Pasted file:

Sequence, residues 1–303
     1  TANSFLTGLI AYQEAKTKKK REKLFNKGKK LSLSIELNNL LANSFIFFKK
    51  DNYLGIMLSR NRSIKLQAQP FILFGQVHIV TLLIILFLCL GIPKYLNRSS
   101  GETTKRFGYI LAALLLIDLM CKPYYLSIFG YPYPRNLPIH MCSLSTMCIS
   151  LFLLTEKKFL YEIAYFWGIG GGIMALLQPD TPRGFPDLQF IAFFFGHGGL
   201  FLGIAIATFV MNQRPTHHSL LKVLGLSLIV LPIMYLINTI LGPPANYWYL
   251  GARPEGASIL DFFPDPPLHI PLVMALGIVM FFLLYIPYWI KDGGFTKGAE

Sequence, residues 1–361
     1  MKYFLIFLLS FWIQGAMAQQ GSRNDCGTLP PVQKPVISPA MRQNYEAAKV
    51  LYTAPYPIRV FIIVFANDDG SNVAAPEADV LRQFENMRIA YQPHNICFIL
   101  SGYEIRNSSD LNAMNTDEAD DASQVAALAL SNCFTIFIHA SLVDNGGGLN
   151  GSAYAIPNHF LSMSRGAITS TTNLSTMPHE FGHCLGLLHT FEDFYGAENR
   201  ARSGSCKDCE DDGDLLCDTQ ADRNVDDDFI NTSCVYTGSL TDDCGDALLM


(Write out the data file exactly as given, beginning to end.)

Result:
Sequence, residues 1–303
     1  TANSFLTGLI AYQEAKTKKK REKLFNKGKK LSLSIELNNL LANSFIFFKK
    51  DNYLGIMLSR NRSIKLQAQP FILFGQVHIV TLLIILFLCL GIPKYLNRSS
   101  GETTKRFGYI LAALLLIDLM CKPYYLSIFG YPYPRNLPIH MCSLSTMCIS
   151  LFLLTEKKFL YEIAYFWGIG GGIMALLQPD TPRGFPDLQF IAFFFGHGGL
   201  FLGIAIATFV MNQRPTHHSL LKVLGLSLIV LPIMYLINTI LGPPANYWYL
   251  GARPEGASIL DFFPDPPLHI PLVMALGIVM FFLLYIPYWI KDGGFTKGAE

Sequence, residues 1–361
     1  MKYFLIFLLS FWIQGAMAQQ GSRNDCGTLP PVQKPVISPA MRQNYEAAKV
    51  LYTAPYPIRV FIIVFANDDG SNVAAPEADV LRQFENMRIA YQPHNICFIL
   101  SGYEIRNSSD LNAMNTDEAD DASQVAALAL SNCFTIFIHA SLVDNGGGLN
   151  GSAYAIPNHF LSMSRGAITS TTNLSTMPHE FGHCLGLLHT FEDFYGAENR
   201  ARSGSCKDCE DDGDLLCDTQ ADRNVDDDFI NTSCVYTGSL TDDCGDALLM